Figure 1 shows (by design) a very good fit to the pn data, and a less good fit to the MOS data the MOS1 and MOS2 data points appear to lie slightly above the model across much of the energy range this is examined in more detail below. The method described here has removed or minimized as many sources of error or uncertainty as possible. Source variability cannot be the cause of the MOS-to-pn differences, as common GTIs across all the instruments have been used for each of the sources. All the sources are below the pile-up limit in all the instruments, so pile-up is not an issue. Consequently, it has therefore been possible to use a large, full circular region for the spectral extraction, such that any PSF inaccuracies have been minimized (i.e. importantly we have not had to excise any piled-up central core). Furthermore, the problem that all the sources may be spectrally rather different, some having perhaps complex spectra, is overcome by stacking all the spectra together into a single spectrum, and fitting this phenomenologically. We discuss this issue further in Sect. 4.

Once we have the pn, MOS1 and MOS2 residuals, we are then able to ratio these residuals to obtain α, and show how MOS1 and MOS2 vary with respect to pn. This ratio, described above, removes any differences between the pn data and the pn model prediction, and is seen to be insensitive to the general quality of the pn fit (so long that it is adequate i.e. regardless of the quality of the fit, so long that a by-eye inspection of the residuals indicated that no spectral feature was still unaccounted for, then no change in the residual ratio α is observed). These α ratios for MOS1/pn and for MOS2/pn are shown as the bold points in Fig. 2. Here, adaptive binning of the results has been used to follow the quality of the statistics across the energy range. At low energies (<1 keV), small (0.05 keV) bins have been used, as there are many counts. At high energies (>7 keV), large (1.0 keV) bins have been used, as there are fewer counts.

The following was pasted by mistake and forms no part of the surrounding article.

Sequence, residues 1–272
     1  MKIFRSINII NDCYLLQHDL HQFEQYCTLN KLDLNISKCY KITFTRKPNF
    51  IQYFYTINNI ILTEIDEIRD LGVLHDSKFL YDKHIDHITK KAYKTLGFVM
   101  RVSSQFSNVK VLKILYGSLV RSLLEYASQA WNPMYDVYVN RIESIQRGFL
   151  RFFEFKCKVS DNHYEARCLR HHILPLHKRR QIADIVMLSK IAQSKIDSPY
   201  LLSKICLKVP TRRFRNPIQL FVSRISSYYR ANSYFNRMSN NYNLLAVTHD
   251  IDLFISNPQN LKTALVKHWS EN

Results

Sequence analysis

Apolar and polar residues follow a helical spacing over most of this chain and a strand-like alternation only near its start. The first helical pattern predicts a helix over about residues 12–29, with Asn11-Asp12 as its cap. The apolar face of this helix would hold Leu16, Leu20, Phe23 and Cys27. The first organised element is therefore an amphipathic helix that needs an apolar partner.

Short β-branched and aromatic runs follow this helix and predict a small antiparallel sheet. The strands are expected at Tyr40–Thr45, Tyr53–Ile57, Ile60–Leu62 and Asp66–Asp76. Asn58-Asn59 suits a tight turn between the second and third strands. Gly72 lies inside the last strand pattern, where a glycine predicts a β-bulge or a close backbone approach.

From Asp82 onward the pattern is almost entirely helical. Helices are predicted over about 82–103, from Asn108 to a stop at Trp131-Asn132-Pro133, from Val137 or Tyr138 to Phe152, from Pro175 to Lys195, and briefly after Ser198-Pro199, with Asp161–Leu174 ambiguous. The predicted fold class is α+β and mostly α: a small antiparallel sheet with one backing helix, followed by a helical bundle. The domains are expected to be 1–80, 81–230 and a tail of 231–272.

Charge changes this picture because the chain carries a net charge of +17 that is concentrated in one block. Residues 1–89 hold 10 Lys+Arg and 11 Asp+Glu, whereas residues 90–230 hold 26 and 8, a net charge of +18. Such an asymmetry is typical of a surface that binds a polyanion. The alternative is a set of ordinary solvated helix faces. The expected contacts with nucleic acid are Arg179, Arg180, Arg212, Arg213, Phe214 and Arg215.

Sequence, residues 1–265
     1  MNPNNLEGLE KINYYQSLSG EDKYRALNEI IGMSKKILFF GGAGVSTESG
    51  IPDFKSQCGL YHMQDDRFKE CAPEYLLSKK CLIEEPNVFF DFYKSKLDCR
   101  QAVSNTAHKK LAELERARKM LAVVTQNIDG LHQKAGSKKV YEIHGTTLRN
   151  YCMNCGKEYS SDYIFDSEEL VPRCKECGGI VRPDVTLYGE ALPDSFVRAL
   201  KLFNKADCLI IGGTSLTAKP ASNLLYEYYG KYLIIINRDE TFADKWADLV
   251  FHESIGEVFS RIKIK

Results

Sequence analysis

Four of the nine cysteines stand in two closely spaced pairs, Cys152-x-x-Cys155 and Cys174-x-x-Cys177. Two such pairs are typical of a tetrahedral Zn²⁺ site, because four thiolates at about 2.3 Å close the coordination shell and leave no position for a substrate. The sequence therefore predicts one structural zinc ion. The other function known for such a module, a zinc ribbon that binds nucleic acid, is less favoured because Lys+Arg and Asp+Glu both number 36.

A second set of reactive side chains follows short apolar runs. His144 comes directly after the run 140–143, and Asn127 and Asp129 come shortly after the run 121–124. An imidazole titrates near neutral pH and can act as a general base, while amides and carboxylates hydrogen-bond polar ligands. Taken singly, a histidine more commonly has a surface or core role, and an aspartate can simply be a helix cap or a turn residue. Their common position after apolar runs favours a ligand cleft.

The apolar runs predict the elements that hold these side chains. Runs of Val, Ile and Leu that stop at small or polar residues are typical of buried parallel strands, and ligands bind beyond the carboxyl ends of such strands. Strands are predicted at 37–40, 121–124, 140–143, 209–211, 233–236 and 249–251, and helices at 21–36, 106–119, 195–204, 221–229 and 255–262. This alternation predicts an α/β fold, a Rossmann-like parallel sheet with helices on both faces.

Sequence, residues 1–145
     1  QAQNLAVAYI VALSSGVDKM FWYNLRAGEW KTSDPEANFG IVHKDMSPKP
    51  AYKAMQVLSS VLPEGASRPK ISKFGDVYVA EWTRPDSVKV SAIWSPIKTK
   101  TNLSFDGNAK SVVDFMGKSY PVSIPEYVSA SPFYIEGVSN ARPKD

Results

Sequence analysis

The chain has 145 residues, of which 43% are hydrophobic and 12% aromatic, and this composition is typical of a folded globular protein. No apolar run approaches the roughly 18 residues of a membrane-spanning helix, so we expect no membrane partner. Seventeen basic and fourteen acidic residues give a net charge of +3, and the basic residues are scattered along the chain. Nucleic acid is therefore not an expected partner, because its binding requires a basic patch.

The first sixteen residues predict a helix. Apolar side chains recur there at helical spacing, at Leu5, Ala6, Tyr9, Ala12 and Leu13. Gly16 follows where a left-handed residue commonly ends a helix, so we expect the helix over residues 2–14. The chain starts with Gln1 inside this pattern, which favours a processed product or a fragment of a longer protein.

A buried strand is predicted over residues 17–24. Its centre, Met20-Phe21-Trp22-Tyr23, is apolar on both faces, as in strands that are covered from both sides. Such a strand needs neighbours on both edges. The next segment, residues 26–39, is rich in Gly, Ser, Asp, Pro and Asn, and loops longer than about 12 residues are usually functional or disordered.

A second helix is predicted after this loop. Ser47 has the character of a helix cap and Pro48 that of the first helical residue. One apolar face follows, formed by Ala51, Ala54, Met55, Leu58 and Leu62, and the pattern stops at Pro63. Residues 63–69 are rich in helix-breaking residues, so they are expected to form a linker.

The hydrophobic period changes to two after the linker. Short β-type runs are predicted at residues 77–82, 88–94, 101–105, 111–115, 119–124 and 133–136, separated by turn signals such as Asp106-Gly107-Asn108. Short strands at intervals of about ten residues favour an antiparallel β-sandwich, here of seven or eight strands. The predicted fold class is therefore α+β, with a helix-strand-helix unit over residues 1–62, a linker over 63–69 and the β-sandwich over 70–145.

thumbnail Fig. 2

How MOS1 (top panel) and MOS2 (bottom panel) vary with respect to pn. α ratios for MOS1/pn (red) and for MOS2/pn (blue) are plotted against energy (bold points). The data have been adaptively binned to follow the statistics. The faint points, connected by a thin line, show the results obtained using the “fit and stack” (see Sect. 4) analysis (the last MOS2/pn point is at α ≈ 0.75).

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To first order, the MOS1 and MOS2 plots appear very similar. Generally, the MOS/pn α ratio is, at low energy (<1 keV), flat and low (α ≈ 1.00–1.03). This is the energy range over which MOS and pn agree best. Then over the medium energy range, it rises, to flatten out again beyond 3 keV at a higher (close to) energy-independent value (α ≈ 1.05–1.08). On top of this function, where the growth is slowest at the beginning and the end of the function, there is a “bump” at 12 keV, which we hereafter call the “silicon bump”, and which may be larger in MOS2 than in MOS1. There are perhaps in addition other small differences between MOS1 and MOS2 that are close in size to the level of the statistical uncertainties; at high energies MOS1/pn may be slightly higher than MOS2/pn, whereas at low energies the reverse may be the case.

4. Discussion